Matisse painted the nude when a sculpture he was working on shattered. He later finished the sculpture which is entitled Reclining Nude I Aurore. The painting, which may be classified as Fauvist , was controversial; it was burned in effigy in at the Armory Show in Chicago , to where it had toured from New York. When Blue Nude was publicly exhibited soon after it was painted, it became the source of controversy that involved issues of race, race relations, and colonialism. Complaints by critics and viewers that the race of the figure in Blue Nude could not be identified, complicated the issue of "the Other. From Wikipedia, the free encyclopedia.
As a young man, Matisse studied with the Symbolist painter Odilon Redon, but he paid close attention to work of the Impressionists and Post-Impressionists. Initially, he adopted the pointillist techniques of Georges Seurat and Paul Signac, and even became an acquaintance of the latter. But in time, Matisse moved on from dashes and dots to broader planes of color that abandoned any pretense of realism. Matisse used color for its own sake, becoming a leader of the Fauves along with Andre Derain. Perhaps the first true avant-garde movement of the 20th-century, Fauvism outraged critics of the day with seemingly haphazard applications of pure color. It transforms her face into a mask divided in the middle by a green stripe, abstracting her features and the wall behind her into a chromatic jigsaw puzzle. In it, his brushwork becomes flatter, looser and more fluid.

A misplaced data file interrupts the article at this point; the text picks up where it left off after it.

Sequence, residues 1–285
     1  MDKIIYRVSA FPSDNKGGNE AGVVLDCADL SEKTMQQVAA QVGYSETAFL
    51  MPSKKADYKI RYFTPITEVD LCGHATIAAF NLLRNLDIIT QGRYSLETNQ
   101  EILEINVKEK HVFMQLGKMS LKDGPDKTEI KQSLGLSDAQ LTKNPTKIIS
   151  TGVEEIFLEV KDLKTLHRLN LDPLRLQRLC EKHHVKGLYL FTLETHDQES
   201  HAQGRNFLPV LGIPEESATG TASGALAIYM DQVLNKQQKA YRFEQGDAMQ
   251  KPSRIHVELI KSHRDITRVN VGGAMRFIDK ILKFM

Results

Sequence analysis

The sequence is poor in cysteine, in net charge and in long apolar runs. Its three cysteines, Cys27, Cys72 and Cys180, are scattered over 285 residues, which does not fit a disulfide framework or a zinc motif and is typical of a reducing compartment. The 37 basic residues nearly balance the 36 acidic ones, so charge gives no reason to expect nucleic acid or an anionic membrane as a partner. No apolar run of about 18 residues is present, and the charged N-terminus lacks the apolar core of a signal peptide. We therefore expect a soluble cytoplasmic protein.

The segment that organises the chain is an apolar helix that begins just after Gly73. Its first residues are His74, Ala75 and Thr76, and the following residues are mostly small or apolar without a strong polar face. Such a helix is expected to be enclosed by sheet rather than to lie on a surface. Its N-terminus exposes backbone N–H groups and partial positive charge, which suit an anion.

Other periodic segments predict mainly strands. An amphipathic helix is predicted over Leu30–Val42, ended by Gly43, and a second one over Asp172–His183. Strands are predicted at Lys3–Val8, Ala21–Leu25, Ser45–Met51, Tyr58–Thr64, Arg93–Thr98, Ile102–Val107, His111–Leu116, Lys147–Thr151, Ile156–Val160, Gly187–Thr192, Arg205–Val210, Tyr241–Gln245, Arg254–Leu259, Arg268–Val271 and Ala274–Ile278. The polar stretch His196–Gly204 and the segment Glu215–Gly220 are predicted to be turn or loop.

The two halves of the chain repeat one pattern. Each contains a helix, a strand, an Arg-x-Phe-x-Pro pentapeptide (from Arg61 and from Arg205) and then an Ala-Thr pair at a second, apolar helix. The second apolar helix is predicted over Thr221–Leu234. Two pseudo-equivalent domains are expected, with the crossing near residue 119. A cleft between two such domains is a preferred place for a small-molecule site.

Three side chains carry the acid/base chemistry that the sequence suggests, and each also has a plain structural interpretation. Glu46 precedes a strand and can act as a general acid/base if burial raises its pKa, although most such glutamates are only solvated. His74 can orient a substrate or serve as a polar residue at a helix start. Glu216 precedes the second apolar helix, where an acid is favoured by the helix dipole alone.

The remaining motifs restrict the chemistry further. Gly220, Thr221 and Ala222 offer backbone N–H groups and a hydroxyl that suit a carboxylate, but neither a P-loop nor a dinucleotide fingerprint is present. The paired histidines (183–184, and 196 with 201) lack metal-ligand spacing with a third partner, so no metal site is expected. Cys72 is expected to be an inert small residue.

Blue Nude , which Matisse took up in the aftermath of having a sculpture he was fiddling with shatter on him, seems to have angered a lot of people. After all, it was burned in effigy when the Armory Show moved to Chicago, a place that should have appreciated what Carl Sandburg called "broad shoulders" and other exaggerations of the flesh. I confess, having seen the painting in person more than once, to being repelled by it and finally got around to asking why.
The below artworks are the most important by Henri Matisse - that both overview the major creative periods, and highlight the greatest achievements by the artist. The landscape is likely based on the view from Paul Signac's house in Saint-Tropez, where Matisse was vacationing. Most of the women are nude in the manner of a traditional classical idyll , but one woman - thought to represent the painter's wife - wears contemporary dress.